The ears should be checked for any sign of infection, and the teeth should be brushed often. Toenails can be clipped when needed.
Do Giant Schnauzers Make Good Family Dogs?
Giant Schnauzers make great family dogs, but they have some drawbacks. They’re not the happy-go-lucky dogs people often look for in a family dog. A Giant Schnauzer’s job is to protect and serve the family first. This breed has no “clock in, clock out” mindset.
That doesn’t mean Giant Schnauzers are party poopers. They love to have fun as much as the next dog, especially if it means spending quality time with their owners. Giant Schnauzers can also be reactive around small children. They can still be around children, but supervision is recommended.
Overall, these dogs are territorial, but companionship and a job will help minimize unwanted behavior. They have a strong work drive, so Giant Schnauzers aren’t for relaxed owners.
Giant Schnauzers are great family dogs that protect at all costs. These dogs are ideal for homes where they can roam and guard, like a farm or a large backyard. Giant Schnauzers are okay with children but can become territorial and reactive quickly. Depending on the dog’s personality, other pets can be good or bad.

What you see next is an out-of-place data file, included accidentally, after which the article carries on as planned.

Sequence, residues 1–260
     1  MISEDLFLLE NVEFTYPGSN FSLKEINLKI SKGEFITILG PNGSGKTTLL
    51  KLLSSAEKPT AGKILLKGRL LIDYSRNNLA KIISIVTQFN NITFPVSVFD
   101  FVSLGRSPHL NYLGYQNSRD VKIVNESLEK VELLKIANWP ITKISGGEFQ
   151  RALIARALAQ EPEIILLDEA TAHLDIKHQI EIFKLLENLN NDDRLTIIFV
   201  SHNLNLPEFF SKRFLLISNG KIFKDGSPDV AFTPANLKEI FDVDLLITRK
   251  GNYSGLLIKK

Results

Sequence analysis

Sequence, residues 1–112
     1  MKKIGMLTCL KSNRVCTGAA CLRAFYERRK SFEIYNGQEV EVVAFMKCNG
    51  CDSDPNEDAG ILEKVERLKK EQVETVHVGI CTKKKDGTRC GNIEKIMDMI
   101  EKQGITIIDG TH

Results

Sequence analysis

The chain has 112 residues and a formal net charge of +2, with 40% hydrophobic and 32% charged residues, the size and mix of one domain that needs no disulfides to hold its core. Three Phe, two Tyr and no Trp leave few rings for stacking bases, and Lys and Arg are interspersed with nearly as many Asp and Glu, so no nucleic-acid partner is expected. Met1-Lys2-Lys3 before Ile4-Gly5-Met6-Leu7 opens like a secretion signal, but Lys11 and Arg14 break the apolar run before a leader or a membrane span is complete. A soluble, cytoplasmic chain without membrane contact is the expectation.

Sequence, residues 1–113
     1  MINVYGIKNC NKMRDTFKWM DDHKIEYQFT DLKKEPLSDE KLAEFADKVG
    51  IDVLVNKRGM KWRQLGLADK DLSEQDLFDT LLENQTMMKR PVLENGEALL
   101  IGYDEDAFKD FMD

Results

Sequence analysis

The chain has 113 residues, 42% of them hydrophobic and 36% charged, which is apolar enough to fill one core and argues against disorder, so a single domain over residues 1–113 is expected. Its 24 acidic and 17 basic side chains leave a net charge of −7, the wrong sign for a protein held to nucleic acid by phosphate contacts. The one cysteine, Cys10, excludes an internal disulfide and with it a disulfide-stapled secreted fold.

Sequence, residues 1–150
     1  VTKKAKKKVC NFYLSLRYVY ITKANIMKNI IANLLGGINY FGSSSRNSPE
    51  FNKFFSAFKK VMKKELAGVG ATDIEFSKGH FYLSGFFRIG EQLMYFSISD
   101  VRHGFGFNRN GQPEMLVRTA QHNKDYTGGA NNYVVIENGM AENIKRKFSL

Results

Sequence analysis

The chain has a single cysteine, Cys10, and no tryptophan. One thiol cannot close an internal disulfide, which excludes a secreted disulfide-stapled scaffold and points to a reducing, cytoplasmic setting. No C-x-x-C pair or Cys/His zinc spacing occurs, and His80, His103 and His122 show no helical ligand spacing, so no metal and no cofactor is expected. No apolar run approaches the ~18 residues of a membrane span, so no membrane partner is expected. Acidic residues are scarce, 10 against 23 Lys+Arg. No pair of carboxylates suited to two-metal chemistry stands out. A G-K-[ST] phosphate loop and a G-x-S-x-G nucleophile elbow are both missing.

Doberman Pinscher Overview
Doberman Pinschers are muscular, powerful dogs with beautiful glistening coats. These dogs are well-known for their intimidating upright ears and stubby tails, although they’re born with naturally floppy ears.
Similar to the Giant Schnauzer, Dobermans are large dogs that stand between 24 and 28 inches high. They can live between 10 to 12 years and are the 16th most popular dog breed in America.
Despite their size and fierce appearances, these dogs are big softies. Still, they’ve served their purpose in history like most working dogs.
Taxes & War
The Doberman Pinscher was developed in the 1880s by Louis Dobermann, a tax collector who experienced hostility during his tax collecting rounds.
Louis Dobermann was looking for a companion to protect him while he walked around town collecting taxes. After breeding with Black and Tan Terriers, Pinschers, and Rottweilers, he finally created a less refined version of the modern Doberman Pinscher.
This new “tax collector dog” quickly grew in popularity and proved useful as police, military, therapy, and service dogs. During WWII, 1,047 dogs were enlisted to serve as scouts, messengers, and combat soldiers. About 75% of these dogs were Doberman Pinschers.
Many dogs made it home after the war, but 25 died during combat. A life-size bronze statue of a Doberman Pinscher now stands at the US Naval Base in Guam to serve as a reminder of the dogs’ bravery.
Dobermans are high-energy working dogs that need lots of exercise. Long walks, runs, outdoor play sessions, and doggie puzzles are excellent options to keep your Doberman Pinscher entertained.